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  11. Thanks oj, at least I'm asking the right questions.
     
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  12. Wow. I was imagining a clean Crown Vic with some floor rot. (People usually pamper Vics). But I guess you are going pretty deep. Isn't completely disassembling the car and putting the body on a rotisserie going to unveil a whole lot of things that will end up costing a bunch of $$$ ? (I don't know, I've never done it), or will the chassis separate fairly easily?

    If it's a matter of $1500 in labor to properly install floor pans, is that not a drop in the bucket of a rotisserie restoration of a body? Again, I've never attempted anything like that, really just asking.


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    Last edited: Aug 12, 2017
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  13. Gman0046
    Joined: Jul 24, 2005
    Posts: 5,762

    Gman0046
    Member

    Dr. Dragon, floor pan replacements is one of the jobs I dislike the most. $1500 labor for floor pans installed properly would be a good price. The best shop I know of (honest, reliable and proficient) charges $40 an hour for labor. A full 40 work week equates to $1600 which should more then cover the replacement and almost the same as your estimate. Just make sure your guy is honest, reliable and proficient.

    Gary
     
    Last edited: Aug 12, 2017
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  14. The car has already had a frame replacement. I believe all Crown Vics had an X frame? This one does not but the frame is in great shape. I have a high HP engine going in so I want all bushings, wiring new but it's not going to be a garage queen by any stretch.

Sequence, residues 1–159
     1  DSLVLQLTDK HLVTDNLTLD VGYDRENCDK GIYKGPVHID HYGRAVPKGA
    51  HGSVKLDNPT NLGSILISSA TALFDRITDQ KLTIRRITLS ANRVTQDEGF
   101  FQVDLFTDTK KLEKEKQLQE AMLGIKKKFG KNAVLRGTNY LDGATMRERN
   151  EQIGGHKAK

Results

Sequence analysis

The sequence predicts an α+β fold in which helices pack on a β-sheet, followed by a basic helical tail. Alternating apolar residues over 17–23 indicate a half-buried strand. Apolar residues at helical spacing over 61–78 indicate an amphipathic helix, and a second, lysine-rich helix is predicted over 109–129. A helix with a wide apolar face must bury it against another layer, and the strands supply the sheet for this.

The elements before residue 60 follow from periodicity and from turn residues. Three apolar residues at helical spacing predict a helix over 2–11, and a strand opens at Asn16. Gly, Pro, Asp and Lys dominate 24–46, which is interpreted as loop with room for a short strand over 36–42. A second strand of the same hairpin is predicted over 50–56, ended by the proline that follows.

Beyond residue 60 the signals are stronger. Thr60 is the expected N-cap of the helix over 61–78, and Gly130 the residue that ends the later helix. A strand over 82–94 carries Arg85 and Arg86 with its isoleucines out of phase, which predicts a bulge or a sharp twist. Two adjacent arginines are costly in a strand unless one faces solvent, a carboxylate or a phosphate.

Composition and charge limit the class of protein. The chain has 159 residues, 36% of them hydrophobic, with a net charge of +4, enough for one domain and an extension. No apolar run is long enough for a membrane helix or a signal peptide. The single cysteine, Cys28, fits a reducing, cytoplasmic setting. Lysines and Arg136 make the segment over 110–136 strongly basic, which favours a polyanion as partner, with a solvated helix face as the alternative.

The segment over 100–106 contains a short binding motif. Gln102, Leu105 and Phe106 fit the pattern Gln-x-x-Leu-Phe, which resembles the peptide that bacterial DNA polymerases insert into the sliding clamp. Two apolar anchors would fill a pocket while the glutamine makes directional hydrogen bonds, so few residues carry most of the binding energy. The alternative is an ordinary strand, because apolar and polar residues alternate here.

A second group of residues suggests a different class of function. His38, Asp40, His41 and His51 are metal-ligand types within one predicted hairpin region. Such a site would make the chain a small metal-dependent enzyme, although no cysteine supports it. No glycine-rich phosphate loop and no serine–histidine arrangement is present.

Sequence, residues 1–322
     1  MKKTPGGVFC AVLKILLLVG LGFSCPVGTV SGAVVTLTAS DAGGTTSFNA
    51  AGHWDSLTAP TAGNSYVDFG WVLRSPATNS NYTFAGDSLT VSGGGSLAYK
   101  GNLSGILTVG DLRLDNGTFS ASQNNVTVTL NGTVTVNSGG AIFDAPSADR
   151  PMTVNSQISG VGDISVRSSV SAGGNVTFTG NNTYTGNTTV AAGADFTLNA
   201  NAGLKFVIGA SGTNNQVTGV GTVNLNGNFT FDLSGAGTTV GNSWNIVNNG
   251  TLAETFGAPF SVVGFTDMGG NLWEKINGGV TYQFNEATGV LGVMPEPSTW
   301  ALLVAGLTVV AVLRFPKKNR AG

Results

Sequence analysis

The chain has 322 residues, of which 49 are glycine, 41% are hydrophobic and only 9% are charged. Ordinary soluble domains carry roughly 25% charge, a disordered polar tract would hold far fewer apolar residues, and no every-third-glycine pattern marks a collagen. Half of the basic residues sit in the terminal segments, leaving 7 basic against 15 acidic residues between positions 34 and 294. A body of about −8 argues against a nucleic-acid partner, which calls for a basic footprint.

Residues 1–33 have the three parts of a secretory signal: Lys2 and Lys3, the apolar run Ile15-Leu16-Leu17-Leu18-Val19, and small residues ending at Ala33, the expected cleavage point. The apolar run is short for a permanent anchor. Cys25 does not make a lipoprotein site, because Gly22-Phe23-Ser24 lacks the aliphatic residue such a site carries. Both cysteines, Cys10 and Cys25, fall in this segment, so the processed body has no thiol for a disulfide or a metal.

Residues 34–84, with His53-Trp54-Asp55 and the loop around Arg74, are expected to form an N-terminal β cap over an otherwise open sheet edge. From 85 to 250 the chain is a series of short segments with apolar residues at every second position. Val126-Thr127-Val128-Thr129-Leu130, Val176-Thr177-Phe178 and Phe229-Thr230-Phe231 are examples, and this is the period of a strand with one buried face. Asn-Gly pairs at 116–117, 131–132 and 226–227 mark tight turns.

15. HRP has the right idea, and the floors are the best place to learn. Sure you could take welding lessons and may find some cheap but I would say most of us amateur welders/restorers learned at home. Just get a decent welder and start welding. Sheetmetal welding is not easy, and butt welding (the way to do it, not lap welding) is even harder but with all the threads on the HAMB you should have plenty of guidance. You will need a welder at some time through the project and you will have another skill to fix the mower, swing set and other stuff. The one thing that I will never understand is how someone plans to build a customized car and pay for each and every weld. Everything will need welding, floor, rockers, bottom of doors, trunk, swapping in different cross members throttle linkage the bracket to hold the overflow bottle ...... you get the idea.
    Try not to get one of the el-cheapo welders, they can be harder to learn with as some that I have seen do not turn the current off when you let go of the trigger, they just stop the feed. Much harder to fill gaps and holes.
    don't mean to be an ass, just advice
     
  16. squirrel
    Joined: Sep 23, 2004
    Posts: 44,287

    squirrel
    Member

    you can learn on your own, that's how I learned to weld, but I was not very good at it...taking classes really helped, because it taught me some basics I was missing, and most importantly, it forced me to practice practice practice.

    MIG welding is so easy (especially to do wrong) that taking some classes seems to me to be even more helpful.

    Even if you only take torch and stick welding classes, not MIG classes.

    but hey, whatever works for you.
     
  17. ClarkH
    Joined: Jul 21, 2010
    Posts: 783

    ClarkH
    ALLIANCE MEMBER

    Lots of good advice here. Here’s some from a moderately successful welding amateur.

    Your $1,500 labor bid is a best-case scenario. I can pretty much guarantee that once your guy gets in there, he’s going to find issues that drive the price up at least 50%. In my experience, that’s how job bids work for hot rods and houses. Best to know that going in.

    If you don’t have the time or inclination to learn welding, that’s understandable. But you if ever wanted to learn it, a floor is the perfect opportunity.